Animatronic Iron Man SuitThe scope of this project, which is the work of [Jerome Kelty] and [Greg Hatter], is impressive. The full-size Iron Man suit is wearable, true to the look of the film version, and packed full of animatronics. It won’t stop bullets, blow up bad guys, or fly… but it looks as if it can do all of that.

From helmet to boots the exoskeleton is packed with electronics. These are comprised mostly of things that light up, and things that move parts of the suit. But you also need a way to control that functionality and this is one of the most clever aspects of the design.

Each glove has an RFID tag reader in the palm area, with tags on the fingertips of the third and fourth finger. Closing your fingertip to your palm initiates a programmed sequence. All of this is well-documented in the Project Details section, with code and schematics for each subsystem shared as Build Logs.

Third Place: M.A.R.S.

sci-fi-winner-3-MARS-roverThis rover looks like an elegant insect. In a world full of clunky-looking robotics projects that’s high praise. The name of the project is an acronym for the MADspace Advanced Robtics System; a project which, from the start, sought to recreate an Open Design version of the NASA Rovers known as Spirit and Opportunity.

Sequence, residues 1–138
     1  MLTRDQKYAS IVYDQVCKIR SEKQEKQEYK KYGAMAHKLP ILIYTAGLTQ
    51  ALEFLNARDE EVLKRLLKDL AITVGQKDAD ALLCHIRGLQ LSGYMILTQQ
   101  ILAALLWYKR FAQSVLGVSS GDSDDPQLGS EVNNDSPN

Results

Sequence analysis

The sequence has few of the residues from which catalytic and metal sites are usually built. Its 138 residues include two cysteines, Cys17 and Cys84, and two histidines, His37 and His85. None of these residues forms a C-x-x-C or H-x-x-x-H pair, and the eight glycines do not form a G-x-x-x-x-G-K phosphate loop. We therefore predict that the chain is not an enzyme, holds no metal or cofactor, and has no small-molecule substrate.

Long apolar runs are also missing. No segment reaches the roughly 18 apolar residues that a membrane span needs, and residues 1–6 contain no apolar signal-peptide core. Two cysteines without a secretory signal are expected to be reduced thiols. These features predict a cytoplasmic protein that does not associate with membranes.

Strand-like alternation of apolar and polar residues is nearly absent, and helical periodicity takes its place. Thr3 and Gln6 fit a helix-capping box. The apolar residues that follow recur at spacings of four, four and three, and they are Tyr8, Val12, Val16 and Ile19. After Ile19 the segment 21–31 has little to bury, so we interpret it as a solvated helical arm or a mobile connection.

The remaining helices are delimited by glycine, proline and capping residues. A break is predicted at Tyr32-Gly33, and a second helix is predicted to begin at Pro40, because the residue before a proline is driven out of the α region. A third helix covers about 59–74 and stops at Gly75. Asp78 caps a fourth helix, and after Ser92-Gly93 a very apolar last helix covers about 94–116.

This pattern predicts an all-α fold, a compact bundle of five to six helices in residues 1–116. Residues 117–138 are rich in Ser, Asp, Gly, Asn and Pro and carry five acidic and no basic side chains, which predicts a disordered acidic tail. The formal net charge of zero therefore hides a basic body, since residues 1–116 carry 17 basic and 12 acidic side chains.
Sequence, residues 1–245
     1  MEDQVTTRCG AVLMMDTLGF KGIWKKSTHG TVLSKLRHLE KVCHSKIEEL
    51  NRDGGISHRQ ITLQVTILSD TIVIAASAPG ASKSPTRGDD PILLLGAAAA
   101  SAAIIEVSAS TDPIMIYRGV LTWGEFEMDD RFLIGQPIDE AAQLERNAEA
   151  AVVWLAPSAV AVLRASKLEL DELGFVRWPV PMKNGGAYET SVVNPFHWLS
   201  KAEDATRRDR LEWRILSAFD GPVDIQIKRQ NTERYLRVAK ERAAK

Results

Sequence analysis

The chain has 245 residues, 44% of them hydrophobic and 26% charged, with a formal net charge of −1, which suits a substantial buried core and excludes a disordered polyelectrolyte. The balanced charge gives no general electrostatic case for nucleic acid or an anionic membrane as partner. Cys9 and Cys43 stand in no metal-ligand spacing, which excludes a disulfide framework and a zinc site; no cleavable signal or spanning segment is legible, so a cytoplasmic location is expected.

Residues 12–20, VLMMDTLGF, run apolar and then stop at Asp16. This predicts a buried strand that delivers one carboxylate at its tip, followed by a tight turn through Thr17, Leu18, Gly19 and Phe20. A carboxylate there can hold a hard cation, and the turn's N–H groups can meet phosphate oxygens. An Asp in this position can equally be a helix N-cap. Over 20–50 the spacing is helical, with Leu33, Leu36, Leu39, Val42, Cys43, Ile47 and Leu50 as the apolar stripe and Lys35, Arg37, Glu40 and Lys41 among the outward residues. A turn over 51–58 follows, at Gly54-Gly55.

[Guus van der Sluijs], [Paul Wagener], and [Tom Geelen] turned this project into a showcase of what today’s widely available design software and fabrication tools can accomplish. Most of the connecting pieces were 3D printed (check out all of them in the components list), with 10mm aluminum tubing making up the rest of the chassis, and rockers to support the six wheels. Speaking of wheels, check out all the fab work that went into those! And we haven’t even mentioned the hw/sw which drives the thing!

Fourth Place: Back To The Future Time Circuit Clock

sci-fi-winner-4-BttF-ClockThis one has a very visceral hacked feeling which immediately made us take note. When you start to dig into the work which [Atheros] and [bwa] put into the Time Circuit Clock from the movie Back to the Future, the project really stands in a place of its own. Inspiration to build this came from a design which was posted by Hackaday alum [Phil Burgess] over at Adafruit.

The large collection of 14 and 7 segment display modules which make up the three parts of the clock are all hosted on about 23 PCBs which were etched as part of the development process. The electronic assembly is solid, with ribbon cables and modular design to keep it as tidy as possible. The frames for the displays are cut out of wood and the entire thing is controlled from a keypad. The clock, alarm, and FM radio make this a perfect bedside device — if you can abide being blasted by three colors of LED displays as you try to sleep.